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Comment Re: Good idea, bad name (Score 1) 167

I don't think the name really has anything to do with it. The big worry about this technology is liability, and there is the idea out there that manufacturers are trying to be care ful about advertising what the car can and cannot do.

Tesla I'm sure makes it abundantly clear that the car needs driver attendance. But if you sit there long enough and the car continually makes good decisions, you are gradually going to become complacent and maybe start to think that it really can do more than you thought. This is when you get into trouble because the technology has made enough progress to be convincing but isn't quite all the way there.

Comment Re:Inaccurate headline... (Score 1) 210

The article claims that in 2017, about 600k deaths are project in the US due to cancer.

According to https://en.wikipedia.org/wiki/..., the population of the world around 3000 BC (assuming this is roughly the Mesopotamian era) was about 14 million.

600k in a year back then would be roughly 4% of the population. This seems very unlikely. If you accept the premise that we are surrounded by carcinogens moreso today than back then, you would expect the cancer death rate to be lower back then. I would also suspect that other forms of death would be more prevalent than cancer.

Comment Re: America hates Hillary Clinton (Score 1) 1069

Definitely... I've been to Florida in August (Orlando - not even as far south as Miami and the southern tip) and it is uncomfortable and disgusting. Will not go back in August.

Palm Springs, CA can be oppressively hot in the summer too, but that's not where tech is - Silicon Valley is pretty habitable all year round.

I come from up north and we get winter, which I tolerate OK, but my coworkers in the valley think I'm crazy.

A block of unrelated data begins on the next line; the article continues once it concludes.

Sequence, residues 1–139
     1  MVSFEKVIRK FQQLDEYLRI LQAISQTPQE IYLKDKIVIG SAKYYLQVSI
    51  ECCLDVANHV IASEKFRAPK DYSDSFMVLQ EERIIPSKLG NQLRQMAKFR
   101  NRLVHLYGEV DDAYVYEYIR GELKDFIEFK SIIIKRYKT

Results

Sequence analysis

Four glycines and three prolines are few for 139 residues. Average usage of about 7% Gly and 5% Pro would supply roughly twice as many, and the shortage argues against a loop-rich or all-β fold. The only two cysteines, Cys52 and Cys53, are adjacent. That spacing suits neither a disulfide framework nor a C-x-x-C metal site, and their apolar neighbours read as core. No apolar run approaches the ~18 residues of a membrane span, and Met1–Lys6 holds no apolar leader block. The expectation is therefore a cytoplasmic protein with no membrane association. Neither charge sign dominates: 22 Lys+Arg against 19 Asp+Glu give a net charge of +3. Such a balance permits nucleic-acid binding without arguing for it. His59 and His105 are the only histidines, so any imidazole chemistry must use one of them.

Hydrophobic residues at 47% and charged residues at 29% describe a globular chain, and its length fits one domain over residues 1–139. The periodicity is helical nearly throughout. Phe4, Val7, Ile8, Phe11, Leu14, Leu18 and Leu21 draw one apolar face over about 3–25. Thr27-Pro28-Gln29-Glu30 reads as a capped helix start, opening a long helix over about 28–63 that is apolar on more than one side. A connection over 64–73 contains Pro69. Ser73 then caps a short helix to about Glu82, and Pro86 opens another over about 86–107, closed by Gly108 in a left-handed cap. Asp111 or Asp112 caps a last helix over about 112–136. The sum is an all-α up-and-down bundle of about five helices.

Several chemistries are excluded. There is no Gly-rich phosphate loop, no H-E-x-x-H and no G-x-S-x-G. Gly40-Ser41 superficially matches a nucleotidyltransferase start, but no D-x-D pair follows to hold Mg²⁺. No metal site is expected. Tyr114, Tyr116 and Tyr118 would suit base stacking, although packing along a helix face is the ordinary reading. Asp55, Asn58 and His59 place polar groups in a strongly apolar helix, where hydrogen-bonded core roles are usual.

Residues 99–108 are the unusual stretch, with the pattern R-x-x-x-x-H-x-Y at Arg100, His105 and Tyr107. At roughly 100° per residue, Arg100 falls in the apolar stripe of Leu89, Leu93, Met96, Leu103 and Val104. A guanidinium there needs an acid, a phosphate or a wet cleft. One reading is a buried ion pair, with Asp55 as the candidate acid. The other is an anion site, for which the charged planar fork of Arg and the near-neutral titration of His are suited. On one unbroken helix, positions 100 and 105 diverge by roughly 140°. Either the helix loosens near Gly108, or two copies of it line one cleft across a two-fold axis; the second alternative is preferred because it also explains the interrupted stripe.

Comment Re:Solved (Score 1) 295

Although unpopular among many here, in Canada we are moving towards a system of community mailboxes, which is essentially what you describe. Rather than a postal worker delivering mail to each house, there are banks of mailboxes where people get their mail (all their mail). You are issued a key for your mailbox so you can go get it whenever you want, and it is secure. Packages that fit inside the mailbox just go in the regular spot. There are also compartments for packages that are larger to accommodate larger packages. In this case, you receive a key in your mailbox and the box that your package is in. You retrieve your package, and then drop the key off into the mail slot again for reuse.

Works pretty well and for most packages, solves the problem.

Comment Re:Even worse (Score 1) 88

In some respects yes, in others, not so much. Think about a corporate setting where within the context of an office people might leave their machines accessible on a regular basis. They go off to lunch, leave their laptop at their desk. Anybody can now go and grab their laptop, do a hard reboot and extract the passwords. Conveniently, a lot of people probably have filevault passwords that are the same as their network passwords. Now you have another user's network passwords and can do a whole bunch of things on their behalf.

How on earth is it okay, in 2016, to store plaintext passwords for a file encryption tool?

The other potential exploit for this is to bake it into commercially available Thunderbolt 2 devices. Bribe a janitor to leave stick 100 crafted VGA dongles in meeting rooms of the company you want to infiltrate and have the device send passwords either over the network or via some wireless protocol.

Comment Re:laptops on the conveyor belt (Score 1) 170

Another alternative is Nexus, which gets you pre-check as well. It costs $50 for a five year term. Isn't an intensive process either - you fill out some stuff online and then go in for a orientation session, and a few weeks later you get your card. Also helps at customs and immigration going into and out of Canada/US.

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